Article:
A possible reshaping of how some Medicare drugs are paid for has drug companies feeling sick.
Health and Human Services Secretary Alex Azar’s plan to consolidate at least some Part B prescription drugs under Part D could cost pharmaceutical companies real money since while there are no price negotiations under Part B, Part D includes discount, rebates and negotiating tools.
Part B drugs are those that are administered in a doctor’s office, clinic, hospital or someplace beyond the patient’s home. Generally, the price paid by Medicare for these drugs is the average sales price plus 6%. But Part D drugs are cheaper, reaping an average of almost 24% of the list price, thanks to private insurers bidding and negotiating regarding coverage.
Azar, who caught some flack during the appointment approval process for his background, which included a stint as president of Eli Lilly and Co. (LLY) , appears to be right at home now going up against his old industry. In a speech Wednesday, May 16, at the American Enterprise Institute, Azar served notice that the Trump administration may be moving beyond bluster and tweets when it comes to the pharma sector.
“The single greatest threat to patient affordability and access to prescription drugs in America is high list prices, set by drug companies and incentivized by today’s system,” Azar said. “Let me be really clear about this, we are going to bring negotiation to Part B drugs, and we are going to give Part D plans more bargaining power. It’s going to happen, so it would be most productive if the pharmaceutical industry came to us with a plan for these changes.”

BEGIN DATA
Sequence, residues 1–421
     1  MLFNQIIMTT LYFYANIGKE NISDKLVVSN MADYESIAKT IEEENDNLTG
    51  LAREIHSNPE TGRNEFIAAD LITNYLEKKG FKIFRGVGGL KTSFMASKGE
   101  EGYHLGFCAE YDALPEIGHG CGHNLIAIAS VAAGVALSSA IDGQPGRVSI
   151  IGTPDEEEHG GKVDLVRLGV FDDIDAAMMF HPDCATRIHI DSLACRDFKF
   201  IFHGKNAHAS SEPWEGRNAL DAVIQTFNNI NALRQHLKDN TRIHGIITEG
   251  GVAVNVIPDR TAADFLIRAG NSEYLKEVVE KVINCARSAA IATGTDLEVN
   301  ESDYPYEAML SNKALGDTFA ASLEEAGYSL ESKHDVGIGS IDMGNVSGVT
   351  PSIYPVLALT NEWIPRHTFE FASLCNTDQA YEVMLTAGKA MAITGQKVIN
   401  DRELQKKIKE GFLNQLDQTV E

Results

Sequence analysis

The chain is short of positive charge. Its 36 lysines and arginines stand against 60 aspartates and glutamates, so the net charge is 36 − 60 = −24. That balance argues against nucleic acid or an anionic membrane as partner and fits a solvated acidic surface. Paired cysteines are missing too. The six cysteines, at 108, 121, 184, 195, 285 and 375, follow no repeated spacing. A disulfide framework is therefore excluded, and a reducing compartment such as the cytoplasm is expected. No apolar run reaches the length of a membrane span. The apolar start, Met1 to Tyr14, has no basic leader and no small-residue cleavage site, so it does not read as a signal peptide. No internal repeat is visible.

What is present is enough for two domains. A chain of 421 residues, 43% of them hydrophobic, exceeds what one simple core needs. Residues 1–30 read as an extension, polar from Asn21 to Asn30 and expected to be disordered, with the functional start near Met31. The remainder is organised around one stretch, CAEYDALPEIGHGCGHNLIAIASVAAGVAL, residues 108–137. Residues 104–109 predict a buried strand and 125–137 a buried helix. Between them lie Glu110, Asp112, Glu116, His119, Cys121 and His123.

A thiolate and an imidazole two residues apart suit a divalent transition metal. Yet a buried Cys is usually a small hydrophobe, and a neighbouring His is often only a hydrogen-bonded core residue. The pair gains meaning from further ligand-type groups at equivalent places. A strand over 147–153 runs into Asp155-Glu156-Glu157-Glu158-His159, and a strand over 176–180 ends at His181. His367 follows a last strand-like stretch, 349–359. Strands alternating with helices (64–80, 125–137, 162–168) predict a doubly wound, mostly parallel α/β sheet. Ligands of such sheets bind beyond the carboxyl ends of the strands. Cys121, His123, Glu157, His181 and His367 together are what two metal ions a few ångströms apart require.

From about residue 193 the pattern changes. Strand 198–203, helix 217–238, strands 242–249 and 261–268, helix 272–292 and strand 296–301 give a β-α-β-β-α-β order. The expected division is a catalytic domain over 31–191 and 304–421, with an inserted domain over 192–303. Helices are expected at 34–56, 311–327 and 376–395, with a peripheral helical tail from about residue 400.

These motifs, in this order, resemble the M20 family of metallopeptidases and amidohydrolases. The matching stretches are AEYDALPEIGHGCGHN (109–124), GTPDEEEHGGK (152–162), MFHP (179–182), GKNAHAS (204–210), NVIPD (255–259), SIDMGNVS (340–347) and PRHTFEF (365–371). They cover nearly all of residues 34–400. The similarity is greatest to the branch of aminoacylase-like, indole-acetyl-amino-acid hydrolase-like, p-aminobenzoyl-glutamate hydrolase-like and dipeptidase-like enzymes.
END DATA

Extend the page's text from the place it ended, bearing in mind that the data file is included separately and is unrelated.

On the campaign trail, Trump was a fan of opening up all of Medicare to drug pricing negotiations, a populist idea that enjoyed support from Democrats in the capitol but one that also bumped up against existing law. It was unclear at the time if Trump understood the legal challenges to the idea, but he has since given that fix up. He and Azar now want to pursue the Part B to Part D shift, which can be accomplished without going to Congress for support, a place where the pharmaceutical industry has spent lavishly.
In the 2016 election cycle, drugmakers spent $22.1 million on federal political contributions, according to the Center for Responsive Politics. Those same companies spent $171.5 million on lobbying last year and so far this year have shelled out $57.3 million.
Moreover, as was demonstrated with the efforts to repeal and replace Obamacare, the Trump administration couldn’t get the House and Senate united on a critical move. And while Trump might enjoy support from lawmakers on “Fox & Friends,” that backing sometimes disappears on roll call votes.
The move to Part D, referred to in Washington as a “Competitive Acquisition Program”, would allow some drugs to move from Part B under a clause allowing a shift for experimental models.
Mike Strazzella, administrative head at lobbying firm Buchanan Ingersoll & Rooney PC, warned that shifting Part B drugs to Part D wouldn’t be simple, though.
“The concept of shifting Part B drugs to Part D does not address the full spectrum of the cost continuum, and any proposal should take that into account,” he said.
It also didn’t take long for trade group Pharmaceutical Research and Manufacturers of America to stake out its position, asserting there were “serious concerns” regarding a Medicare drug shift. PhRMA executive vice president Lori Reilly told a gathering at the Alliance for Health Policy on Tuesday that patients sometimes have less out-of-pocket expense under Part B and a shift could impact affordability and access. The organization also has cautioned that shifting drugs to Part D could undermine the structure of the program.
Azar, however seems unfazed.
“If pharma doesn’t come to us with a plan for which drugs to move from Part B to Part D, we’ll decide for them,” he said.
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